You may also have noticed a new, bright green thing in my blog’s sidebar. More on that later in the week…

Posted in: Uncategorized

9 thoughts on “E-book Stuff: Links Extravaganza

  1. Angela Watson says:

    I like the article you wrote on Futurebooks. I think the answer to your question is, yes, you ARE selling books because they are priced so low. However, if the books sucked, people would say so in the reviews, which means you wouldn’t sell so many for long. Because your reviews are overwhelmingly positive, people continue to take the low risk of $2.99. I also think that at this point, people are buying your books because they liked your OTHER books, which is a great point for an author to get to.

    • catherineryanhoward says:

      Thanks Angela, and I agree. Once all my books are up and ready to go (I have the Results blog tour to get out of the way first!) I think I’m going to stagger my price points, e.g. one at 99c, one at $1.99 and one at $2.99 or something like that, and see what happens. As you said the goal is to get people to buy a 99c or $1.99 book because it’s cheap, and then pay $2.99 for one of my other books.

      I would love to know though how one person can upload a 99c book and fails to sell any at all, while another person does the same and sells a thousand. I fear the answer is pure luck though…

      • Angela Watson says:

        I don’t think it’s luck, I think it’s reviews. I don’t even download FREE Kindle books unless a book has at least a 4 star rating based on 5+ reviews. Do you think there are people with multiple positive reviews that still can’t sell an ebook at 99 cents? I’m not sure I’ve seen this, but then again, I haven’t really looked.

        • Angela Watson says:

          Oh, and for what it’s worth, that’s why I bought Mousetrapped. Your reviews were overwhelmingly positive and the negative ones either sounded like nonsense or made me more intrigued. Then I saw your blog and you earned my trust (i.e., you are actually a good writer with intelligent things to say and Mousetrapped wasn’t just a fluke.) Now I would buy other books from you based just on that, and the fact that those other books have great reviews confirms my decision. I *think* most readers work that way.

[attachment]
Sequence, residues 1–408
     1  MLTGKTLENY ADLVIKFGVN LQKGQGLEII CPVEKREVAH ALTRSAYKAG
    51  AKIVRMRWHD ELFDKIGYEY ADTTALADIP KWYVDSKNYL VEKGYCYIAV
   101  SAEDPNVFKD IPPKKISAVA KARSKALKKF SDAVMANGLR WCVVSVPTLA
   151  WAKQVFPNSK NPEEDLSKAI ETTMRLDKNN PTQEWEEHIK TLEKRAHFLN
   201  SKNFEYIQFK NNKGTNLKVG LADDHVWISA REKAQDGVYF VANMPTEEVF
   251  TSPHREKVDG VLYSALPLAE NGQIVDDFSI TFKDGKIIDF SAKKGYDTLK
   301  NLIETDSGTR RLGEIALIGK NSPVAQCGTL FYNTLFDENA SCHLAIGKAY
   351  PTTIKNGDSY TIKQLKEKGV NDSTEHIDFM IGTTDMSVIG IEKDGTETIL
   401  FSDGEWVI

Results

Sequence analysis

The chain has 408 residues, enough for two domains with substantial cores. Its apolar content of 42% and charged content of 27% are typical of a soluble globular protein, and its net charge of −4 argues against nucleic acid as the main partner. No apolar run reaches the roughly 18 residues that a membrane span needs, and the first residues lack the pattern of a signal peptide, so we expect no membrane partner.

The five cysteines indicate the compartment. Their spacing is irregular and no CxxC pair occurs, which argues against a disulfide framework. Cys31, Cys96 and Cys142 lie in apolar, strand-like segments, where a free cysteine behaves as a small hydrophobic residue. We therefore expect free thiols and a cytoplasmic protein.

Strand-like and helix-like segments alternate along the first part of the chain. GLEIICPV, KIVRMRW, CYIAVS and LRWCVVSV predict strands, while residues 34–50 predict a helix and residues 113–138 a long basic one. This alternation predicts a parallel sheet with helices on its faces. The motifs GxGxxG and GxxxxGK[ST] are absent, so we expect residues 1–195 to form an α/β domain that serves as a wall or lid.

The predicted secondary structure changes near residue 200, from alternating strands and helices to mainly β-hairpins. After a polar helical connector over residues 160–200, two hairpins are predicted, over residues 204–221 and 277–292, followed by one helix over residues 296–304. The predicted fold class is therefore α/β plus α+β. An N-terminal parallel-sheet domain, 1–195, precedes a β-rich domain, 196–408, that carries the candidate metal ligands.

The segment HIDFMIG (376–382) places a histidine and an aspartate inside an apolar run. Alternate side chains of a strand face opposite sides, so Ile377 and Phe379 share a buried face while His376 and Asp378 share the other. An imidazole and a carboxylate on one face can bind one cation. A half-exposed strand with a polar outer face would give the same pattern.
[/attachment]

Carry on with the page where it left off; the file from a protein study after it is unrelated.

• catherineryanhoward says:

            I think reviews must play a huge part, which means that that’s the most important thing a writer can do (i.e. get them). Unfortunately that’s the hardest thing to do because I *hate* asking people or pressurizing them into it, and you can’t really offer a reward (like entry to a competition or free book or something) because it seems like you’re paying for them. I put something at the end of one of my books like, “If you liked this book, please help this author by telling someone that you did.” We’ll see if it works! 😀

  2. Christopher Wills says:

    Reference Kiana Davenport the solution could be give the money back and get the rights to her book back – I know not an easy thing to do in some circumstances. Then package the story and experience together and sell it to a newspaper, making sure she self publishes the ebook at the same time. The point being she might get some money from the newspaper story but also she should benefit from the publicity in sales.
    As a former maths teacher I prefer pies to pie charts. Mmmm pies….

Ah, go on. Tell me what you think...

Fill in your details below or click an icon to log in:

WordPress.com Logo

You are commenting using your WordPress.com account. Log Out / Change )

Twitter picture

You are commenting using your Twitter account. Log Out / Change )

Facebook photo

You are commenting using your Facebook account. Log Out / Change )

Google+ photo

You are commenting using your Google+ account. Log Out / Change )

Connecting to %s